Saturday, 13 October 2007
Court has lethal-injection fears
State justices express doubts about the scheduled execution of a Brevard killer.
John Kennedy | Tallahassee Bureau Chief
October 12, 2007
TALLAHASSEE - Florida Supreme Court justices said Thursday that they are wary of proceeding with next month's scheduled execution of convicted Brevard County child-killer Mark Dean Schwab with the legality of lethal injection now in question.
The U.S. Supreme Court last month agreed to consider the constitutionality of lethal injection after two condemned Kentucky inmates said that state's procedure -- identical to what's used in Florida -- represents cruel and unusual punishment.
Since then, at least 13 states have halted executions, pending the high court's ruling.
"I can't see any urgency in going ahead and having an execution -- which is irreparable, obviously -- should the Supreme Court say we've got it wrong," Justice Harry Lee Anstead said.
Justice Barbara Pariente conceded that "it would look pretty bad for the administration of justice in this state if Schwab was executed and two weeks later" lethal injection was overturned.
The justices heard challenges to Florida's use of lethal injection by attorneys for Schwab and Ian Deco Lightbourne, who is facing the death penalty for an Ocala murder.
Schwab is scheduled to die Nov. 15 for the 1991 rape and murder of 11-year-old Junny Rios-Martinez of Cocoa. A death warrant has not yet been signed for Lightbourne.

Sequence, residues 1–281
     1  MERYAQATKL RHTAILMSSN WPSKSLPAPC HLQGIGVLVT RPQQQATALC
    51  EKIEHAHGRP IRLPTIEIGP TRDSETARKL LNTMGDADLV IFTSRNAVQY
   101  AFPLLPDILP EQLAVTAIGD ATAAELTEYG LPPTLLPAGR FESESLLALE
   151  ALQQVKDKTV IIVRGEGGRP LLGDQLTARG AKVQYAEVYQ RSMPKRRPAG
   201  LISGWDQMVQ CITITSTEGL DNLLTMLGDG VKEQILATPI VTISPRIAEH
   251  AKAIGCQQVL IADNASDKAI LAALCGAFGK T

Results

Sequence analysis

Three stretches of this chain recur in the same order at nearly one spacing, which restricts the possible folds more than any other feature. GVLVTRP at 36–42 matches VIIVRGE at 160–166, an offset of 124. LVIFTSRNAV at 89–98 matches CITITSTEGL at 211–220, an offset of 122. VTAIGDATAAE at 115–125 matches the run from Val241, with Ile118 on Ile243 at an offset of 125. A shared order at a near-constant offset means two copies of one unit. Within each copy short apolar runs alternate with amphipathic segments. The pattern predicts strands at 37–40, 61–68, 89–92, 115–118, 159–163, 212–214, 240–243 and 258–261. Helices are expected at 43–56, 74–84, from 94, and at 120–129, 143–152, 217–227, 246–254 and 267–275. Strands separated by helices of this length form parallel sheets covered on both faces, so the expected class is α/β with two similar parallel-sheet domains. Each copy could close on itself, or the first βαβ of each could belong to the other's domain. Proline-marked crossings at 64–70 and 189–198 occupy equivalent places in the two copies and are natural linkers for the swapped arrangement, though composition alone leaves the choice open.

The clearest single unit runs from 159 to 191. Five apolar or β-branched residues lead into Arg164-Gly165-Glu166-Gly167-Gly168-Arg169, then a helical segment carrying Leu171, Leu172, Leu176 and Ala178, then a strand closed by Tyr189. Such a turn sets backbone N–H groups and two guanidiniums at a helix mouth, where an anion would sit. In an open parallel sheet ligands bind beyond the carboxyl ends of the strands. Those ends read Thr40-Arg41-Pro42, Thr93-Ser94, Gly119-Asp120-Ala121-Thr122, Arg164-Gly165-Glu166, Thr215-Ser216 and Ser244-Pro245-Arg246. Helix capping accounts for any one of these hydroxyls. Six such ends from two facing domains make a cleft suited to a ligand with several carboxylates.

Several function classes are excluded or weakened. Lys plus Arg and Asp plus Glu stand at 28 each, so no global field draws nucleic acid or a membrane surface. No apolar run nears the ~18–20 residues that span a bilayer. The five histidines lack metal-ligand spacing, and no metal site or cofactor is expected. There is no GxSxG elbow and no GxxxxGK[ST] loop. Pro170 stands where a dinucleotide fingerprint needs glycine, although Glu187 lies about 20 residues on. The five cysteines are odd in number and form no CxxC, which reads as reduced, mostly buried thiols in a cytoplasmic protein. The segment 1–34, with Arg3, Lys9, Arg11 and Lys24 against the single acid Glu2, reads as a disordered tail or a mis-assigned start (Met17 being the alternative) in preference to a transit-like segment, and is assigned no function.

Issues in both the state and federal cases center on whether the lethal three-drug cocktail used by Florida and 36 other states causes pain, and if officials are trained properly to conduct the procedure.
"There is a whole history of problems with lethal injection," Schwab's attorney, Mark Gruber, told the court.
In December, convicted killer Angel Nieves Diaz took 34 minutes to die -- twice as long as usual -- when executioners at Florida State Prison failed to properly insert intravenous needles, forcing the lethal chemicals into the condemned man's tissue rather than his veins.
Executions in Florida were halted, and state corrections officials required more staff training and better monitoring of proceedings in the prison's death chamber. Schwab is the first inmate scheduled to die since Diaz.
Assistant Attorney General Ken Nunnelley said Florida's procedures were sound before the Diaz execution and have improved since then. He said justices should not delay Schwab's execution.
"There is no basis for a stay," Nunnelley said.
John Kennedy can be reached at email@example.com or 850-222-5564.